“A lot of qualified kids and a lot of parents of qualified kids don’t even realize that these most expensive, most prestigious schools in the country could actually be, by far, the most affordable for their family,” George said.

“There are scholarships everywhere to get,” said Veale, the TechBoston Academy senior. She was able to find scholarships on her own. But she knows many high-achieving low-income students who were not aware that they could find scholarships until it was too late.

“If you don’t know about it, then you wait too long, and you don’t realize you’re waiting too long, and then you end up missing that deadline, and it’s like: ‘Oh, wow! I could have got that!’ ” Veale said. “There is a lack of communication. Especially high-achieving students. They are really intelligent, and they are missing these chances, and it stunts them from growing, too.”

Veale is waiting to hear where she might get in. She hopes to go to Howard University in Washington, and if she gets in, she hopes Howard will offer the financial aid that would enable her to attend.

All 90 colleges and universities using the new application have committed to meeting students’ full financial need.

Because they do not have the large endowments necessary to make such a commitment, historically black colleges, like Howard, are not in on the new application. It’s one reason some university leaders are not so sure the application will increase the diversity of students applying to college.

Andrew Flagel, senior vice president for students and enrollment at Brandeis University, points out that higher-income parents have been able to hire college coaches to help their children write essays and take standardized tests. He worries that starting in ninth grade won’t address that imbalance.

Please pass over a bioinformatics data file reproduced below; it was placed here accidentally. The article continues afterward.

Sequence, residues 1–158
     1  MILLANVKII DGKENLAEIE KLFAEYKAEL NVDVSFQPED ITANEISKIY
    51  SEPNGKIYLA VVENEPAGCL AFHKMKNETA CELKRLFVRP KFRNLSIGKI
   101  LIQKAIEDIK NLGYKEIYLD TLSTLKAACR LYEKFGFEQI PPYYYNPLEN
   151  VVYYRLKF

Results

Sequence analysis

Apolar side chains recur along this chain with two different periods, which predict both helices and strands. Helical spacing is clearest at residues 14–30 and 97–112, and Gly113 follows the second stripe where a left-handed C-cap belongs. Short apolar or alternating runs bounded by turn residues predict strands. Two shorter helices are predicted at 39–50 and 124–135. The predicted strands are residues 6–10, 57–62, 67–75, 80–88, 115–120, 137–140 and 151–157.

“Does that, rather than make this all much more accessible and transparent, run the risk on the one side of feeding this frenzy of consultants and individuals working with students even earlier in the game?” Flagel wondered. “Does that instead of leveling the playing field emphasize wealth in the process to an even greater extent?”

Some college guidance counselors are also skeptical that an online application can open up opportunities for low-income students.

“My biggest concern is the assumption that technology is going to be available everywhere,” said Vicky Rivera, director of college and career counseling at Boston Green Academy in Brighton. “Kids who might live in rural areas, that might not be a real possibility. How will they even learn about this possibility for themselves?”

Rivera used to look for promising low-income students for Brown University. What she found was that she had to meet the families.

“I think of this one student that I had that was an only child, single mom, from El Paso, and to this day she says: ‘Vicky, the only reason I went to Brown was because my mom got to talk to you. You convinced my mom to let her only daughter go to the other side of the country,’ ” she said.

Those are the kinds of conversations Sean Logan has had with parents. He used to work in admissions at Williams College. Now, he’s dean of college counseling at Phillips Academy in Andover. He hopes the new application will improve colleges’ performance in attracting high-achieving low-income students.

“There hasn’t been much movement on, how do we best help kids from the lowest income brackets apply to college and have more awareness of college?” Logan said. “So … my hope is that this application, although it’s not going to solve that problem, I hope that it can be one tool.”

Logan explained that the country’s talent pool is increasingly going to be coming from low-income students.

“The majority of kids who are going to be coming through the process, who are going to be graduating from high school, are going to be coming from the bottom half of income in the U.S.,” Logan said.

But studies show only 14 percent of students at the most selective colleges come from the bottom half of American families in income.